Maine Bills Would Aid Oldest Population
Augusta, Maine — Building more affordable housing for Maine seniors and boosting Medicaid reimbursements to home care workers were among several policy ideas rolled out by House Speaker Mark Eves last week. The proposals are designed as a way to tackle challenges facing the state with the country’s oldest population.
The Democrat from North Berwick said the package of bills, which he plans to formally introduce this winter if he’s re-elected, is part of a comprehensive effort that Maine must take to ensure more seniors can remain in their homes and communities.
“It’s an enormous need now and it’s just going to escalate in future years,” said Eves, who has been working with a group of stakeholders on aging issues for the last year.
Officials estimate that one in four Maine residents will be older than 65 by 2030. The median age in Maine of 43.5 is the highest in the country and is six years older than the U.S. median age of 37.4 years.
One of Eves’ proposals would create a $65 million bond, which would go toward building 1,000 energy-efficient apartments for seniors across the state.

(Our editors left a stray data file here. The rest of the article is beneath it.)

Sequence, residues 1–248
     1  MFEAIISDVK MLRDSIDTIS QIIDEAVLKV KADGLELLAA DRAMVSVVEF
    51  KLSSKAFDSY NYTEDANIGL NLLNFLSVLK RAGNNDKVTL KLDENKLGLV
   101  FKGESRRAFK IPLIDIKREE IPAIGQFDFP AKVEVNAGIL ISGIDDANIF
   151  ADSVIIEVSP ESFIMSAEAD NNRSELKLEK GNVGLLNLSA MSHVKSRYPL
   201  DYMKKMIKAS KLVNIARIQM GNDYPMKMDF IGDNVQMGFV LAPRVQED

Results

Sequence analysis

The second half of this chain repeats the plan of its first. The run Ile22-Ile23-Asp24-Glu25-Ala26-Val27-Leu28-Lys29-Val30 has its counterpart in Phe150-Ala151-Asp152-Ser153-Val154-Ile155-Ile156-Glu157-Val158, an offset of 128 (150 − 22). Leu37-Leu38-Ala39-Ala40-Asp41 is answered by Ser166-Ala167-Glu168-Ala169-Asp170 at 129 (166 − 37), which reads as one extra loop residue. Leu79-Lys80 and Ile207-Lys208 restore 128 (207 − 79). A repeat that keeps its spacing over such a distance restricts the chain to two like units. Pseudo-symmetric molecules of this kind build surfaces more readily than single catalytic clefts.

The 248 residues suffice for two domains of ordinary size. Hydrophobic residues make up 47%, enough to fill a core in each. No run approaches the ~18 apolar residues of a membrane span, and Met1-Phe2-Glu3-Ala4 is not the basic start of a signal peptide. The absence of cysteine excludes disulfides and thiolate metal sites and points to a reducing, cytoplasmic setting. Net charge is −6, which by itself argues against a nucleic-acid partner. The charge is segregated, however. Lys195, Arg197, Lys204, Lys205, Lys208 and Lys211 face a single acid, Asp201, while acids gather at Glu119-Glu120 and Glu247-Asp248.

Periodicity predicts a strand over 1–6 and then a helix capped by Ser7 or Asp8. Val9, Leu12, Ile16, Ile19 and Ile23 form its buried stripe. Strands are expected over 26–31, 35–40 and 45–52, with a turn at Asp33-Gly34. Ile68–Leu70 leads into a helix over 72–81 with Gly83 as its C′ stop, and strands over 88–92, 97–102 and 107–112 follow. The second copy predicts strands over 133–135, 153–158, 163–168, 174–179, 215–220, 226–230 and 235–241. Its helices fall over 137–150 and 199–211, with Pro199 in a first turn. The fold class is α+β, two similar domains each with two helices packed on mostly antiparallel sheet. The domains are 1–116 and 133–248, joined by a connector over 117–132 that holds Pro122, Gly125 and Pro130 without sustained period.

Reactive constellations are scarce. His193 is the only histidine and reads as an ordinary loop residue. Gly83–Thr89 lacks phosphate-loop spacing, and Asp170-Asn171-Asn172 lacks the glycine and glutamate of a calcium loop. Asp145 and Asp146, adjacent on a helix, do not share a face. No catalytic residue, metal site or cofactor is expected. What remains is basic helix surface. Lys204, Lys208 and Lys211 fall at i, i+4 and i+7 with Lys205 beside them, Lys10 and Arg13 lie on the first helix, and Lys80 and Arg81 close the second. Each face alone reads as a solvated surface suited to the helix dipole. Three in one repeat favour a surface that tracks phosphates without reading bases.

Housing options for older adults in the state are expensive and scarce, forcing thousands of Mainers to languish on waiting lists, Eves said.
Another measure would increase Medicaid reimbursements to workers who provide care to seniors in their homes, which hasn’t happened in almost a decade.
While the demand for such services is expected to spike as Maine’s population ages, home care groups are struggling to find people to work in the low-paying field, Eves’ office said.
Dave Moreau, of the Direct Care Alliance in Maine, said in a statement that the industry will be in jeopardy if the state does not begin committing resources there.
“By boosting reimbursement rates, the state will stave off a crisis for seniors, while also putting more money in the pockets of workers. It is a win for our seniors, our workers, and our economy,” he said.